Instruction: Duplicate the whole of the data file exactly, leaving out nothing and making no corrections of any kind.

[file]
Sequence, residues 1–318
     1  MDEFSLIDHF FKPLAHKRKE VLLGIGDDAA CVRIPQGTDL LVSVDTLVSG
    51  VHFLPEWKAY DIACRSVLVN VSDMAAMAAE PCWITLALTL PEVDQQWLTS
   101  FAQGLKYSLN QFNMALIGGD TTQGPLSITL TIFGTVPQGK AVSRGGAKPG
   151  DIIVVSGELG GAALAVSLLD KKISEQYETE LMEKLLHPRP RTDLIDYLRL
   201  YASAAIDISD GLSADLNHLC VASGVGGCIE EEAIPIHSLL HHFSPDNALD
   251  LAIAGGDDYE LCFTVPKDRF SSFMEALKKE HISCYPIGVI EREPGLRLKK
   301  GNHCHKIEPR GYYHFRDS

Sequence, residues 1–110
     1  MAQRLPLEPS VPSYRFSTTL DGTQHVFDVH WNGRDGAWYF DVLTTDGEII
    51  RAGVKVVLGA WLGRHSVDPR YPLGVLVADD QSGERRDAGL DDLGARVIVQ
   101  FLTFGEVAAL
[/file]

Sequence, residues 1–318
     1  MDEFSLIDHF FKPLAHKRKE VLLGIGDDAA CVRIPQGTDL LVSVDTLVSG
    51  VHFLPEWKAY DIACRSVLVN VSDMAAMAAE PCWITLALTL PEVDQQWLTS
   101  FAQGLKYSLN QFNMALIGGD TTQGPLSITL TIFGTVPQGK AVSRGGAKPG
   151  DIIVVSGELG GAALAVSLLD KKISEQYETE LMEKLLHPRP RTDLIDYLRL
   201  YASAAIDISD GLSADLNHLC VASGVGGCIE EEAIPIHSLL HHFSPDNALD
   251  LAIAGGDDYE LCFTVPKDRF SSFMEALKKE HISCYPIGVI EREPGLRLKK
   301  GNHCHKIEPR GYYHFRDS

Sequence, residues 1–110
     1  MAQRLPLEPS VPSYRFSTTL DGTQHVFDVH WNGRDGAWYF DVLTTDGEII
    51  RAGVKVVLGA WLGRHSVDPR YPLGVLVADD QSGERRDAGL DDLGARVIVQ
   101  FLTFGEVAAL